"My man, where have you been?!" asked Jacob. Jacob was tall, and always combed his hair old style, like the men did in the 50's and 40's--neatly parted and perfectly combed. The first few weeks of the new year have blessed this little town with extreme cold weather.
"I have been away taking care of stuff," I answered, saluting Jacob with a brotherly fist-bump.
"Excuse me," said a customer trying to pass. Jacob and I moved to the side, the woman strolling along with her cart.
"I thought you had quit," he asked, his brown eyes holding a fire-like curiosity at my sudden leave. I had been working at Wal-Mart for the two years, in the receiving department. The job paid well, and the work itself could get cumbersome sometimes, but it had been good to me.
"I left for a few months to take care of some family business. It was important," I told him, the entire time our hands still in unison.
"What happened to you eye?" he asked me, gently pressing his hand over my eye patch.
"I overused it, my eye," I said.
"How?" he asked, trying his best to remain calm, but the tone in his voice was aceartive and more than just inquisitive.
"Lucario, come to my office," commanded my manager as he walked by us, stopping only to wait for me.
"We'll talk later," said Jacob, leaving no room for argument. I saluted my good-byes as I followed Mr. Rick to his office. We passed many hallways, all lined up with wrapped-up pallets of merchandize, while other hallways had merchandized ready to go.
"Here," he said, pointing to a small office located on the other side of the receiving dock. Mr. Rick sat down, the screen to his computer coming to life as he clicked a few keys on his keyboard.
"Where have you been?" he said, serious. Mr. Rick was a man in his late fifties, incredibly built, and looked like those men you see in the cover boxes of do-it-yourself-hair-dyes. He smelled good, and his facial hair was just the right combination of white hair and brown hair, trailing along his defined jaw. I could never stop myself from staring at the way his shirts contoured to his muscular physic, showcasing his square and defined chest, at the way his six-pack seemed ripple under his taught and tan skin, and how his shirt's sleeves perfectly stretched to accommodate Mr. Ricks pectorals.
"I have been busy with family affairs Mr. Rick. I had no other choice," I responded, taking a sit apposite of him.
"You turned in all the proper paperwork, and all necessary steps were taken to ensure that you still had your job when you returned," he told me, looking at me with such ferocity and seriousness. "But, you just left without notice, only to hear from you from a third party like the FBI."
"My family suffered a great loss," I said, looking down, even after all these months the memory still fresh in my mind.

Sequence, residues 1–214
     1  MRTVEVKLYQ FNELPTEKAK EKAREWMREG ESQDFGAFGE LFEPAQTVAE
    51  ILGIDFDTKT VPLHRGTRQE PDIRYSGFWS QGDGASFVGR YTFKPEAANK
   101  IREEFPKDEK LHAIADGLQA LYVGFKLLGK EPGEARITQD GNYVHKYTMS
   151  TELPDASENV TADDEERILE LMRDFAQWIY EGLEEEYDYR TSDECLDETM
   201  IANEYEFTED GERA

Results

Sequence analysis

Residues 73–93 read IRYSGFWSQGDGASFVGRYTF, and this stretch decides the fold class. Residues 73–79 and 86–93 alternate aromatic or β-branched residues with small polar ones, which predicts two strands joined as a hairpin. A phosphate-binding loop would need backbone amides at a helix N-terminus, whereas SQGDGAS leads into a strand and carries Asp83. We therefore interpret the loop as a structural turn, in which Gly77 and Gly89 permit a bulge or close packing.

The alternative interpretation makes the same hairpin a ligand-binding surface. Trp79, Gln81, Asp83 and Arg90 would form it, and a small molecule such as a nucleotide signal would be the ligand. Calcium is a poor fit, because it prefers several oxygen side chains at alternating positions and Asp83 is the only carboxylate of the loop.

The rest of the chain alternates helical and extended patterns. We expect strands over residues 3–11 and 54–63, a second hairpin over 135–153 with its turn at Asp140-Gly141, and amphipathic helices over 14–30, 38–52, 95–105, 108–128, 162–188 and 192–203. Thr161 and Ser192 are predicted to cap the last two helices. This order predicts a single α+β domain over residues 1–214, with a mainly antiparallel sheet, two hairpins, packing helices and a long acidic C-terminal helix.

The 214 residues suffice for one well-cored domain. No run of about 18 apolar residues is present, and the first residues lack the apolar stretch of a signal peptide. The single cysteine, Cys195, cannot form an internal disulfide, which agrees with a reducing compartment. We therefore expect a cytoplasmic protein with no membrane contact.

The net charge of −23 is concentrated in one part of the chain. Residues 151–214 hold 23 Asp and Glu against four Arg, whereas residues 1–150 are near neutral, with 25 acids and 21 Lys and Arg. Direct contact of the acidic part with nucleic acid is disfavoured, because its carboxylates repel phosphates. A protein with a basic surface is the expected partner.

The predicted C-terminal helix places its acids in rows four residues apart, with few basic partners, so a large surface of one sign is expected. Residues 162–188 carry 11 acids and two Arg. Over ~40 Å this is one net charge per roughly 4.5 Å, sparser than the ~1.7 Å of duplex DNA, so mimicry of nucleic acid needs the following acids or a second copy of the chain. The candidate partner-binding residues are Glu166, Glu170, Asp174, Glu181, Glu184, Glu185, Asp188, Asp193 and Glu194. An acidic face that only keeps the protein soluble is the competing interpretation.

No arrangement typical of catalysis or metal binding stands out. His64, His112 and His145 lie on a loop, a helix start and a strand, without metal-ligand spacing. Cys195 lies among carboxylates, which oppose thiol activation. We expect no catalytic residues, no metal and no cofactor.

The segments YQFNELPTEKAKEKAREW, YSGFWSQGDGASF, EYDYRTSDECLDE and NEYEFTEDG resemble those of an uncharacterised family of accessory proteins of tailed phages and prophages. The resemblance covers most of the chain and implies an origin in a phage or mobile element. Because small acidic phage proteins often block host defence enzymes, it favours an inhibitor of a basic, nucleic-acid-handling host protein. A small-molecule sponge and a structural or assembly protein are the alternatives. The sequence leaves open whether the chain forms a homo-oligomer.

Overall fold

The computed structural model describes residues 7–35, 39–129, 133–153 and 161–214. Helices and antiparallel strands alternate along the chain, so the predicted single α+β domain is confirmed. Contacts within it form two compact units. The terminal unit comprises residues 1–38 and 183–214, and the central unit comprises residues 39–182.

"What kind of loss demands the interference of the FBI?" he asked. The click of the mouse sounded off, as Mr. Rick's attention turned towards the screen.
"Oh, sorry," he said, wide-eyed as he realized he had spoken out of turn. I shook my head, trying my best to make lite of the situation as a strange feeling arose in the air. "I--"
"I am sorry I just left," I said.
"It's alright, Lucario. You are welcomed," he said, smiling at me genuinely as he stood up. "Welcome back."
"Thank-you," I said, taking his hand, the handshake firm and reassuring.
"Start small for now. Go tell Jacob to let you tag along with him as we recover todays truck," he said. I nodded as I turned and walked out of his office.
"Hey Lucario!" exclaimed Lian. "Oh..."
"Hey Lian," I responded, having gotten used to the reaction of people as they notice the bandages around my eye-patch.
"My eye is just covered for the sake of rest. I still have it," I said, trying to make lite of her pity.
"Oh, okay," she said, a genuine smile spreading across her face. "How have you been? Why did you leave?"
"I had some family matters to attend to," I responded. "It was of the outmost importance."
"Oh okay," she said, keying in her humber.
I turned around, Jacob in front of me, with a big dashing smile and his brown eyes alight. I smiled in turn, happy to see him as well.
"Let's go dude!" he exclaimed, dragging me along. It was my first day and I was not properly uniformed, but that was a problem for tomorrow. Jacob, the entire way towards the sales floor, had my hand as if I didn't know the way.
"Watch where you're going," the man said as he bumped against me. The man took me by surprise, a particular memory of that day surfacing. He looked like that man, the only man left in the mid of the destruction and chaos. It made me sick to remember the enjoyment I felt as the stranger knelt before me, bloody and barely conscious, begging to be let go.
"You okay?" asked Jacob, the memory refusing to let me go.
"Yeah...," I uttered, trying my best reaffirm not just Jacob but myself, about that man's identity. It could not be the same man.
"Hey!" Jacob exclaimed this time with more emotion, putting himself between me and the man, who had disappeared within a group of passing customers. He took my face into his hands, gently and with a masculine firmness that I had not felt in a while.
"I'm fine, really," I said, trying once again to reaffirm not just him, but myself too. He did not look convinced.
"Well, just help me recover the merchandize--"
"Lucario Pike, please come to the manager's office immediately," sounded off in the intercom.
"Oh, I have to go," I said.
"Yeah, you do," said Jacob, his smile hiding the disappointment that ate the light in his eyes. I was hurt as he knelt before the trolly laid out with boxes, and began to cut them open, his back to me, forcing me to leave him there. On my way to the manager's office, I stopped to help some customers who had questions, passing the men's clothing department, and the woman's clothing department.
"Lucario!" exclaimed one of the cashiers. A young guy, about 20, waved at me with a huge smile.